Squamous Cell Carcinoma
Squamous Cell Carcinoma (SCC) is the second most-common skin cancer (Basal Cell being the most), affecting more than 250,000 Americans each year.
Squamous cell carcinoma is a major type of cancer that arises from the superficial layer (epidermis) of the skin and mucous membranes and occurs most commonly on areas exposed to the sun. When identified early and treatment promptly, SCCs are not serious. However, if overlooked, they are harder to treat and can cause disfigurement. While 96-97% of SCCs are localized, the small percentage of remaining cases can penetrate, destroy underlying tissue and spread to distant organs (metastasize) and become life-threatening.
Chronic sun exposure is the leading cause of squamous cell carcinoma, especially in people with fair skin, light hair and blue, green or grey eyes.
Other factors which may contribute to the development of this type of cancer include burns, scars, exposure to radiation or chemicals, chronic inflammatory conditions and immuno-suppression. Although less likely to develop than in fair-skinned individuals, squamous cell carcinoma may occur in dark-skinned people, especially at sites of pre-existing inflammatory conditions or burns.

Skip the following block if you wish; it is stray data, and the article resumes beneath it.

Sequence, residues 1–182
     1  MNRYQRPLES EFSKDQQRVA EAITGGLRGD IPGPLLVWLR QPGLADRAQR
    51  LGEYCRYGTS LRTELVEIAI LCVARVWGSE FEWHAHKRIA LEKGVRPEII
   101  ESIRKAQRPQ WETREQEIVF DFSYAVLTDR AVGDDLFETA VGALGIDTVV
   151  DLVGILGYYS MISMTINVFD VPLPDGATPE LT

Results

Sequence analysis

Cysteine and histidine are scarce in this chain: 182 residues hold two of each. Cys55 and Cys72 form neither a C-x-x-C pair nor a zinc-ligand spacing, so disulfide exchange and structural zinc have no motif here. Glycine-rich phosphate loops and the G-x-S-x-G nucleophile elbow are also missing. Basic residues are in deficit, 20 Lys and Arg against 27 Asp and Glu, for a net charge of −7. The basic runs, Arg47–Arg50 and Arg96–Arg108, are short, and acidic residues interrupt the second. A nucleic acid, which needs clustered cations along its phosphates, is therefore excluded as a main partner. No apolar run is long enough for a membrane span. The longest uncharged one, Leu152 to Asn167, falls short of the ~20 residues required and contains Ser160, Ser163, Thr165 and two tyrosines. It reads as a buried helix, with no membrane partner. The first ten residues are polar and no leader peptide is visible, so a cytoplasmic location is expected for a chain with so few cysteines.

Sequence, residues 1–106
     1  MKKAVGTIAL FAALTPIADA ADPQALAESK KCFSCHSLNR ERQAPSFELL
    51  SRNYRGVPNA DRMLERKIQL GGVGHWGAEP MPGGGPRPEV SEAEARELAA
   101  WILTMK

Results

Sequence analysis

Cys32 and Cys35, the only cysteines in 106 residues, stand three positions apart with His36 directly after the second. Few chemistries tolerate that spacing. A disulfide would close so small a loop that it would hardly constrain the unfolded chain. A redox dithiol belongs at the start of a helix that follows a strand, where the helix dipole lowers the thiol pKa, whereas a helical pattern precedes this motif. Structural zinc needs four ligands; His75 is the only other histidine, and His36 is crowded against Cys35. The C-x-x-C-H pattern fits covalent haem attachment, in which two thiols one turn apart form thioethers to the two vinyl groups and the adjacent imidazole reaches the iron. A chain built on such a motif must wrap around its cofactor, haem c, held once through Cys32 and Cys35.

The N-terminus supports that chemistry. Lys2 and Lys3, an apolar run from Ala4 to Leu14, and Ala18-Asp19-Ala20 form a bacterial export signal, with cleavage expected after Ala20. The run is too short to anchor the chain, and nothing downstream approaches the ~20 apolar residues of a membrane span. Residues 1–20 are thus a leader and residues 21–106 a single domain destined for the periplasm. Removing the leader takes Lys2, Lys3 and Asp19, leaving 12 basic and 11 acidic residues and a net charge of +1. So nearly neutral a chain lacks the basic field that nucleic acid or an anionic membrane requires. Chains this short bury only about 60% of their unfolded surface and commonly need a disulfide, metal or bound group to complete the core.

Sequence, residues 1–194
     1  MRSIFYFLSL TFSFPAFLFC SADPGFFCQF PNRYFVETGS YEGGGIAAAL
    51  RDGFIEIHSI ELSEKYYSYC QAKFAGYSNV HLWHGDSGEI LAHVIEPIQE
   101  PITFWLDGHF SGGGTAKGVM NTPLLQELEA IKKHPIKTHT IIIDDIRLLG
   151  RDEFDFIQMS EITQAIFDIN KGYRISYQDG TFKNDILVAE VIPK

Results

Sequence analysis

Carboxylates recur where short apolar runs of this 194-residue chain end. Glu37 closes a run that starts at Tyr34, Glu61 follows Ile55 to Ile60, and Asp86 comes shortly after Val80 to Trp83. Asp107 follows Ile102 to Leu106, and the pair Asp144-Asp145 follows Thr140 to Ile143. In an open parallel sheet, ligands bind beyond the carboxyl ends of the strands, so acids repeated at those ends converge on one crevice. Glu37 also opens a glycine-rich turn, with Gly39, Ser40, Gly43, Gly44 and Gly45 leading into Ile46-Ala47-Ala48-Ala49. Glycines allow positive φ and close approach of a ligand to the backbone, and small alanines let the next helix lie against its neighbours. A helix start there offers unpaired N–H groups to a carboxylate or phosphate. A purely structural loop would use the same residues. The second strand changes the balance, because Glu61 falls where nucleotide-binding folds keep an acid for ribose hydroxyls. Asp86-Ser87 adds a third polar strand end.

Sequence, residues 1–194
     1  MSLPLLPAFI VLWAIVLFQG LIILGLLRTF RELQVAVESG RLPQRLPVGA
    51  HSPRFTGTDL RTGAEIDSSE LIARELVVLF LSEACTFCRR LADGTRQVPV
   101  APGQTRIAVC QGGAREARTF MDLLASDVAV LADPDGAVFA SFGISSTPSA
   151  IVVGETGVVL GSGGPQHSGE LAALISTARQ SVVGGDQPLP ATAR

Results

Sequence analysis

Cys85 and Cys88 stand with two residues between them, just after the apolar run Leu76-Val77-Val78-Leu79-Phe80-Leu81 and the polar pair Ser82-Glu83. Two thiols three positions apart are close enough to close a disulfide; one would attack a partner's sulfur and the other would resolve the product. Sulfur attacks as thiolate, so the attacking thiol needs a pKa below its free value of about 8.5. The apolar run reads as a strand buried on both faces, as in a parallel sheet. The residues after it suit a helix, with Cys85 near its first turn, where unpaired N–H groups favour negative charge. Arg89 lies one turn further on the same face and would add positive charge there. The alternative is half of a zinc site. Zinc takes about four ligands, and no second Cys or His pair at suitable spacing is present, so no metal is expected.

Signs which may indicate the presence of a squamous cell carcinoma include scaly red patches, elevated growth with central depression, wart-like growths, nodules and open sores. All of these types of lesions may develop a crusted surface or bleed.
After a biopsy has been taken and the diagnosis confirmed microscopically by a board certified dermatopathologist, treatment is required. Several effective methods are available to treat this tumor. Dr. Hurst, Dr. Tate or Dr. Shirley’s choice of therapy depends on the size, location, depth of penetration and type of squamous cell carcinoma encountered. The patient’s age and general health are also taken into consideration. The more common treatment options include excisional surgery, electrosurgery, radiation therapy and Mohs surgery.
When properly treated the cure rate for squamous cell carcinoma is approximately 95%.